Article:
China has fired two ballistic missiles into the South China Sea in response to the aerial activities conducted by the U.S. in a “no-fly” zone. These missiles were reportedly fired during a Chinese naval drill.

One of the missiles is said to be an "aircraft-carrier killer." According to reports, one medium-range ballistic missile called DF-21D was fired from Zhejiang province on Wednesday and one intermediate-range ballistic missile called DF-26B was fired from Qinghai province.

The DF-26B missile is considered to be capable of targeting any moving objects in the sea. This capability makes it an aircraft-carrier killer.

The missiles are said to have been fired in response to the aerial activities being carried out by the U.S. is a marked “no-fly” zone. The reports published following the firing of the missiles mentioned that they were targeted in an area between the Hainan province and the disputed Paracel Islands.

The US defense chief, Mark Esper, said in response to the missile firing that China continuously fails to abide by the international laws while emphasizing that the country has been trying to flex its muscles in a majority of South East Asia.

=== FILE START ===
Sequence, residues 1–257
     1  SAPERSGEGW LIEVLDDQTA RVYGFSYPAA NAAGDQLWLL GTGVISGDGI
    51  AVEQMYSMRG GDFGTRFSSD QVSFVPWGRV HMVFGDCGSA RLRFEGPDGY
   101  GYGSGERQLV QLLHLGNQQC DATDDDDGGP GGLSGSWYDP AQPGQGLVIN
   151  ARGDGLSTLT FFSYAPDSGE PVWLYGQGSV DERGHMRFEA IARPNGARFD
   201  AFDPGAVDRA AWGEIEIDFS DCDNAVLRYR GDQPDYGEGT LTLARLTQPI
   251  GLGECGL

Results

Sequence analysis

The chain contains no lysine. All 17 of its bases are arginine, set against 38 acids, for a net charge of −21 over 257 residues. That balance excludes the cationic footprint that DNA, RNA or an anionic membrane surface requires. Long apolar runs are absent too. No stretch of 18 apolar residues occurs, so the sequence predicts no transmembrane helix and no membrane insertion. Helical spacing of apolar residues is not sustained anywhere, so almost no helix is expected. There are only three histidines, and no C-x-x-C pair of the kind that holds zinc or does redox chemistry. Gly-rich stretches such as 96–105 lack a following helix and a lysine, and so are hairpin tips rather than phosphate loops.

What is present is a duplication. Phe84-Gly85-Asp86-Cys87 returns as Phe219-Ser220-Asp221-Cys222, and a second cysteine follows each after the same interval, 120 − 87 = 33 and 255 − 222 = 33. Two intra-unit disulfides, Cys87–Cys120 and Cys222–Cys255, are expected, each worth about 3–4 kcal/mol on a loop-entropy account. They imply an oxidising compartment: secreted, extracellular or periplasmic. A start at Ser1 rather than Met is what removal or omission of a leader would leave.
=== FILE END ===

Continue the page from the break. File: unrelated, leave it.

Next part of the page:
A U.S. U-2 spy plane is said to have entered a Chinese-designated "no-fly zone" without any permission. It happened on Tuesday when a live-fire naval drill was being conducted by China in the Bohai Sea.

The Chinese defense ministry spokesman Wu Qian said on Thursday, Aug. 27, that China is not willing and will not "dance to the tune of the US." He added that it will not allow the U.S. to create trouble in the region.

The relationship between Washington and Beijing has worsened in the last year due to a variety of reasons starting from the coronavirus pandemic to trade agreement, data security and breach through Huawei, TikTok ban and the Hong Kong security bill passed by China.

Forbidden City, Beijing
Tourists flock the Forbidden City in Beijing. Pixabay

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